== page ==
Brew It Yourself
(Originally printed in The Tap Time News in 1997.)

There's something about beer - probably drinking a lot of it - that makes you think, "You know, I bet I could make this stuff." After all, you can make spaghetti sauce, right? And beer only has four ingredients: malt, hops, yeast, and water. Can't be much tougher than brewing coffee, you think. Just boil it up, let it sit, and drink it down. Nothin' to it.

And there's nothing more to skydiving than remembering to open the parachute.

Okay, so brewing up a batch of Dave's Ineeda Pale Ale isn't all that tough. If it were, I wouldn't do it. And it IS fun, especially the drinking part at the end of the brewing process. And it's a great way to impress girls who drink a lot of beer. (Or so I'm told.) So what the hell. Give it a try. It's not like you have anything else to do, right?

Starting up your homebrewing operation doesn't take a huge investment of time, space, or money. You probably already have a stove, and you can buy everything else you need at your local (or on-line) homebrew supply store for under $150. That may not sound cheap, but it's pretty much a one-time investment, so don't freak out. Relax and have another beer. Basically, you need a five-gallon, stainless steel brewpot; a six-gallon plastic tub with a lid for fermentation; a thermometer and hydrometer for measurements; an airlock to let the fermentation gases escape; some plastic tubing for siphoning the beer into the bottles; a few cases of empty bottles (not screw-top); and a bottle capper and 75 or so bottle caps. You'll need some unscented bleach, too. That's it for equipment. Then you'll need some malt extract, some hop pellets, some yeast, and some water and you're ready to brew.

For the step-by-step, invest in Charlie Papazian's book, The New Complete Joy of Homebrewing, or if you're a full-on computer geek, Papazian's CD-ROM The Interactive Complete Joy of Homebrewing. They're far and away the two best things on the market for new brewers, so I'm not going to try to compete with them here.

I will, however, tell you that Papazian's mantra - Relax. Don't worry. Have a homebrew. - is worth repeating, because for every successful homebrewer, there's at least one tale of disaster, and it's usually pretty funny if it didn't happen to you. And with every disaster, there's a lesson to be learned.

Lesson one - keep an eye on your brewpot. Making beer is as easy as boiling milk, and it can be just as messy. While boiling the wort for a batch of dopplebock one night, I got a call from a girl I had a bit of a crush on. Midway through the conversation, the unmistakable stench of burning wort reminded me that I was brewing. Welcome to boilover hell. I lost the beer, the brewpot, and the range top. I did, however, get the girl.

Lesson two - keep an eye on your fermenter. Me again. In order to get a batch of pale ale fermenting, I shook the living daylights out of the ferment bucket. The airlock was bubbling like mad. I put it in a dark closet and went away for the weekend. What I didn't know was that all that vigorous shaking managed to put enough foam into the airlock to clog the vents, basically sealing the fermenter completely. The only good thing that happened while I was gone was that the closet managed to contain most of the debris from the fermenter explosion. Always, always, always make sure the airlock is clear so it can do its job of releasing gas and pressure.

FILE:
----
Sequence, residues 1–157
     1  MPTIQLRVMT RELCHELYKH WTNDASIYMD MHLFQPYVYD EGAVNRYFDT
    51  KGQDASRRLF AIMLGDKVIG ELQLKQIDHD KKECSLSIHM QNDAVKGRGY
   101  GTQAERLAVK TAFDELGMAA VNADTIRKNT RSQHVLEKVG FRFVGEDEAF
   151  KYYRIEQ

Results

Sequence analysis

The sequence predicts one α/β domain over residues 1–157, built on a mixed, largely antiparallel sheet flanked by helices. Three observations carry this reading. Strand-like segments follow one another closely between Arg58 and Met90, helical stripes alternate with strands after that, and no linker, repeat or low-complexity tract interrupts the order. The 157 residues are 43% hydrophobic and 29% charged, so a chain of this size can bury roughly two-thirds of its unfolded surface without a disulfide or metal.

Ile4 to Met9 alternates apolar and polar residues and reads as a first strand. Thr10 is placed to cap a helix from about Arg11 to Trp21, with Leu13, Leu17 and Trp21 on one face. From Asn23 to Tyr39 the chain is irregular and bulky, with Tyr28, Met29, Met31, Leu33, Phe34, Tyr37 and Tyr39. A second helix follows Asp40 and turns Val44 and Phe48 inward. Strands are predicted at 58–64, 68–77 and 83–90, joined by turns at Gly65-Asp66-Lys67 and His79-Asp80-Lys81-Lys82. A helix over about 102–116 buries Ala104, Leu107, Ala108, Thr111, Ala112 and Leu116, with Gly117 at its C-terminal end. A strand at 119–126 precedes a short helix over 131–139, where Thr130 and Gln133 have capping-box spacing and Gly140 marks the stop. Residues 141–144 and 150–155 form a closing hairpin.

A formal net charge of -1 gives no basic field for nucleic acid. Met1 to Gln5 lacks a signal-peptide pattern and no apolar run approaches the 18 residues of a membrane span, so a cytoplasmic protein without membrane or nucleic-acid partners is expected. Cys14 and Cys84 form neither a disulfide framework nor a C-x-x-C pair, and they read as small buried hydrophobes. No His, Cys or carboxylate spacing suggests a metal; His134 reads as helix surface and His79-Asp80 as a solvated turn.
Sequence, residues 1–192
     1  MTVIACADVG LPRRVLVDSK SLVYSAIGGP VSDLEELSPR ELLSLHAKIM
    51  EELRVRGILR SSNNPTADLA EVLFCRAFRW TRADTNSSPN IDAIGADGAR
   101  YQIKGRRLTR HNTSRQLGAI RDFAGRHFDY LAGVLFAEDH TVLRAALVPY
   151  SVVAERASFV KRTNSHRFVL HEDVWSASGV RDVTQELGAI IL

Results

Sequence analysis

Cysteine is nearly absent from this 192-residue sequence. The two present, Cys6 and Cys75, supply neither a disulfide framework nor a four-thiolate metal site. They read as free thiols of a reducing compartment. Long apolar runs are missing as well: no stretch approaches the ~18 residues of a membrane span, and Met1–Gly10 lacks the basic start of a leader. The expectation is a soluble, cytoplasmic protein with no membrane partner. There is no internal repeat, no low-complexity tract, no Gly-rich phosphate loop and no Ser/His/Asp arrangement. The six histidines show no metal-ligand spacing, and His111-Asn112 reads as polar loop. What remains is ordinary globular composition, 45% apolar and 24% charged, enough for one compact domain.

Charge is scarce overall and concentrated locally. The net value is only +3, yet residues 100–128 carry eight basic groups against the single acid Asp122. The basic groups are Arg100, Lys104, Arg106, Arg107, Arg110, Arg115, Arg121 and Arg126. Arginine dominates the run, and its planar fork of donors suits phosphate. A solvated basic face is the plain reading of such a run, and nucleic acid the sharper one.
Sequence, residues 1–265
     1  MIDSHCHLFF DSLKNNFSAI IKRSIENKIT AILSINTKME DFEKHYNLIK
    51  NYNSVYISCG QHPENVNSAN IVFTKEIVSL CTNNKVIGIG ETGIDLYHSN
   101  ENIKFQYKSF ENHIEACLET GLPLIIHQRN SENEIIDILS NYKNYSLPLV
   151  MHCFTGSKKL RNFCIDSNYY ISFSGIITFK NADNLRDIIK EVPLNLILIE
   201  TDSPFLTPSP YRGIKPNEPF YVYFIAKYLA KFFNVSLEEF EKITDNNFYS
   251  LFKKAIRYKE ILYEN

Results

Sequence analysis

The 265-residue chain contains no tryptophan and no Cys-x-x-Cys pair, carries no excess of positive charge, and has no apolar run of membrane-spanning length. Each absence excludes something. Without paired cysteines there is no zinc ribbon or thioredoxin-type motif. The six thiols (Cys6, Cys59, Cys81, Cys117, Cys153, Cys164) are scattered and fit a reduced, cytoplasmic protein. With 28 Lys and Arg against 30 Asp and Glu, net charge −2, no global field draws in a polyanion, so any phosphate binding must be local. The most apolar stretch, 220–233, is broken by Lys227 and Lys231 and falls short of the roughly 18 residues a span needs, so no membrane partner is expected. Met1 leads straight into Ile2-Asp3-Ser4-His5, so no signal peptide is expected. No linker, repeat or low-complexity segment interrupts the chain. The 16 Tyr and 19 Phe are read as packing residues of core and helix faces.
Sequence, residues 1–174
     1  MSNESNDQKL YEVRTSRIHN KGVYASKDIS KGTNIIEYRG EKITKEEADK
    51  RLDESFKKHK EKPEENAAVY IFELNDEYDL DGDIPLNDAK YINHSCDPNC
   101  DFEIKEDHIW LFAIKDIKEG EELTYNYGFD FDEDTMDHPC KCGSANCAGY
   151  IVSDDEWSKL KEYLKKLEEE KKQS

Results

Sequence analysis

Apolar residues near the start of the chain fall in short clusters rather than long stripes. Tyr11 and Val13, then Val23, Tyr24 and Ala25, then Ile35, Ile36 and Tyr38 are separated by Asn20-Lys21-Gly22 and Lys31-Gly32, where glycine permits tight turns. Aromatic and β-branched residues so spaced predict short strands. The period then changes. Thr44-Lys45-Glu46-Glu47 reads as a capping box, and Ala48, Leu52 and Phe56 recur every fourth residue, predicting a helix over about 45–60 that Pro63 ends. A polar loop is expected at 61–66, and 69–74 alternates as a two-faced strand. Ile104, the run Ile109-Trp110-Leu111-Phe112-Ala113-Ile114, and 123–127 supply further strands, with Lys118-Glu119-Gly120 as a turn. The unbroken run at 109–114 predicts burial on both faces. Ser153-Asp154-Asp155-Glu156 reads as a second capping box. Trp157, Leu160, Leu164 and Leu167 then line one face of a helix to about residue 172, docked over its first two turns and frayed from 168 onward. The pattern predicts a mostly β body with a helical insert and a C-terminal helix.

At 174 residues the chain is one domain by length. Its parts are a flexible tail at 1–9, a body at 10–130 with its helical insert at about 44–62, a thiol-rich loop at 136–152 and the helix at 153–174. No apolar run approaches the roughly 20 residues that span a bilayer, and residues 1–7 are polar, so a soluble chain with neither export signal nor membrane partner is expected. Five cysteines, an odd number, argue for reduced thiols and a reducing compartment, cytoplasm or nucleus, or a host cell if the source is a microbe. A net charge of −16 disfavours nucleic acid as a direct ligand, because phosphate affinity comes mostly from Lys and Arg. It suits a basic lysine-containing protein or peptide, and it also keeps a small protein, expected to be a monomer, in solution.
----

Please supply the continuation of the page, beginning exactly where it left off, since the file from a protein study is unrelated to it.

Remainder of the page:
Lesson three - hose clamps are your friend. This didn't happen to me, but I know the guy in the story. He used an in-line water filter to ensure pure water for brewing, only he didn't use hose clamps on the line going into and out of the filter. "The tube came out from the outlet side of the filter and a looong stream of water shot across the kitchen and began making a puddle near the living room." Then he was sending just-boiled wort to a counterflow chiller (to cool the wort enough to pitch the yeast) without hose clamps, "and one of those hoses came out of the brass barb," sending a stream of 150-degree-plus wort onto the floor. Later, while cleaning the mess from the counterflow chiller mishap, he "used a setup to attach a 1/4" tube from the faucet to run hot water through." Again, no hose clamps. Again, a floor covered in hot water. And he did all this in one day.

Lesson four - have patience. I know one guy who, on his first batch of homebrew, decided it would be great to bring the beer to a friend's wedding reception to toast the newlyweds. Only he didn't have but a few days to carbonate the beer. "No problem," he thought. "I'll just put a little extra priming sugar in the beer when I bottle it. That oughtta get it bubbling." As he was driving through Georgia in July, he heard "what sounded like gunshots in the trunk of my car." The beer carbonated all right - all over his trunk, his luggage, his suit, and his golf clubs.

Same song, different verse, different guy. "A friend gave me a couple of bottles of his fresh homebrew. The bottles were at room temperature, so I put two of them immediately in the freezer. An hour later I drank bottle #1 and it was great. When I got home from work the next afternoon, I looked in the fridge and wondered where bottle #2 was. I opened the freezer. It opens with a CRUNCH, and a piece of something cold drops on my toes. To my dismay, I look straight at a HUGE pile of fluffy, amber-colored ice, and big-long-sharp-pointy shards of 22-oz. bottle."

Like I said, for every homebrewer there's a disaster story, but there are a lot more successes. That's why I'm brewing a batch right now.

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